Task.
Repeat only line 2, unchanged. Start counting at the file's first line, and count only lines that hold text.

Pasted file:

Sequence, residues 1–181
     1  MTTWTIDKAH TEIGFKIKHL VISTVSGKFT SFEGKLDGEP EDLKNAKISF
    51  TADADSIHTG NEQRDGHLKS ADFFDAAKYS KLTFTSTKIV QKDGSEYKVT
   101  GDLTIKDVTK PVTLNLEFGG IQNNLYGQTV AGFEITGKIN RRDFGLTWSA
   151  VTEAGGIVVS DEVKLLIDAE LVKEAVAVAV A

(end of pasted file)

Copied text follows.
     1  MTTWTIDKAH TEIGFKIKHL VISTVSGKFT SFEGKLDGEP EDLKNAKISF